Finally, the sixth defensive strategy is to increase efficiency. When times are good this may have been allowed to slip. Few businesses measure “efficiency” but it can be done. You can measure the efficiency of staff, of processes, of equipment. In a retail business how many customers do individuals serve a day? How long does it take you to receive an order and send it out?
Now let’s look at offensive strategies. It is not defence that will create a strong impression in the minds your customers. In order to clearly put your business in their minds and therefore seek their support through steady sales in tough times, you have to go on the offensive.
Offensive strategies need not be costly. In fact all the offensive strategies discussed here can be implemented without increased cost, by focusing on what you already do only doing it better.
There are also 6 offensive strategies:-
1. Increase marketing efforts
2. Focus on customer service
4. Invest in winning employees
5. Innovate, innovate, innovate
6. Create partnerships
The first offensive strategy is to increase, yes increase your marketing efforts. The worst possible thing you can do when there is increasing competition for your customer’s dollar is to reduce marketing. As you reduce marketing your market forgets you.
This leads us to the second offensive strategy of focusing on customer service. Do not allow your customer to forget you. Give them value-added service without adding cost – faster delivery times, wider selections, keep up contact with them, offer after sales service and “frequent buyer” programs.
The third offensive strategy is to diversify. See if any products related to your current lines are more appropriate in tighter economic times – appliances that cost less to run, financial reviews by investment advisors, provide “packaged” services. Look at products and services that competitors are exiting from, especially where these leave demand unsatisfied.
The fourth offensive strategy is to invest in winning employees. Your people are often the first point of contact with the customer. By all means remove non-performers to make the business more efficient, but recognise and reward winners to ensure they stay with you, keep performing, and where necessary, pick up some of the slack from the losers.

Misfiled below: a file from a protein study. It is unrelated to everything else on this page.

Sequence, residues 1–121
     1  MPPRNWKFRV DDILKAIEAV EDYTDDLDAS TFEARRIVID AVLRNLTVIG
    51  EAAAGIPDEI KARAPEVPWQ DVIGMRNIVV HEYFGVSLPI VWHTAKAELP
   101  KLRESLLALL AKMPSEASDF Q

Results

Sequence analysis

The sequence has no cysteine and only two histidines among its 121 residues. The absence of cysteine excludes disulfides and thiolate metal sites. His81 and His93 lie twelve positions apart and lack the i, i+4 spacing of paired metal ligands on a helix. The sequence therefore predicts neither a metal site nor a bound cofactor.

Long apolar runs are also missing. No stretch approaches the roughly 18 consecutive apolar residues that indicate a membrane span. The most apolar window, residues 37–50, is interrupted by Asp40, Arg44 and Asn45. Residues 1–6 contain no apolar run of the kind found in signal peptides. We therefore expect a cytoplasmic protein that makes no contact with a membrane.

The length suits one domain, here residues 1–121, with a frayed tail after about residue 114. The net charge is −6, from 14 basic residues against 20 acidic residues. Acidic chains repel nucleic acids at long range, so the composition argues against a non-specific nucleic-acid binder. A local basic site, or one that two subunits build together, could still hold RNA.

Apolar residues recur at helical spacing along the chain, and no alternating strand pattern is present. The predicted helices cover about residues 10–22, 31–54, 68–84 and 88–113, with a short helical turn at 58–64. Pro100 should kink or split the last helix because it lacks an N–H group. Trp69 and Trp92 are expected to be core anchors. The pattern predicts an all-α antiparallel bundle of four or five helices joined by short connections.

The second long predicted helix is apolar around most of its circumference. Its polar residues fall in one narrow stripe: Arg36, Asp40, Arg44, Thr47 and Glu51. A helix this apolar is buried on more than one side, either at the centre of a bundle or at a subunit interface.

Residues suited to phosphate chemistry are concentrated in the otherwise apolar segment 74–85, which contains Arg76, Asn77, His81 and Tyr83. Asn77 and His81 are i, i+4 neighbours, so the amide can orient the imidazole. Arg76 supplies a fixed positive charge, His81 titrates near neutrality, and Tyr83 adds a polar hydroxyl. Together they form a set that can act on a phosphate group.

Innovation, innovation and innovation is the fifth offensive strategy, and so important it has to be named three times! As much as marketing and customer service, innovation will keep you in the minds of the customers. Innovation may take the form of innovative customer service as well as innovative products. Use the latest technology to get your services or goods to market faster; use technology to keep in touch with customers; use innovation to improve processes.
Finally the sixth offensive strategy is to create partnerships. As businesses wind down, supporting one another is a good way to keep head and shoulders above the competition. Offer cross-selling with related or nearby businesses. For example, get together with the local restaurant and offer a dinner for two for every purchase above $200 (and the restaurant can offer a small gift collectible from your store for every bill above $200).
So, can you recession-proof your business? There is no guarantee but the implementation of simple and low cost strategies can increase your chances of survival, and more importantly ensure that when the recession ends, which it certainly will, you have not only survived but are ready to leap ahead.
Now it’s over to you? What have you done since the GFC? Share your experiences with us.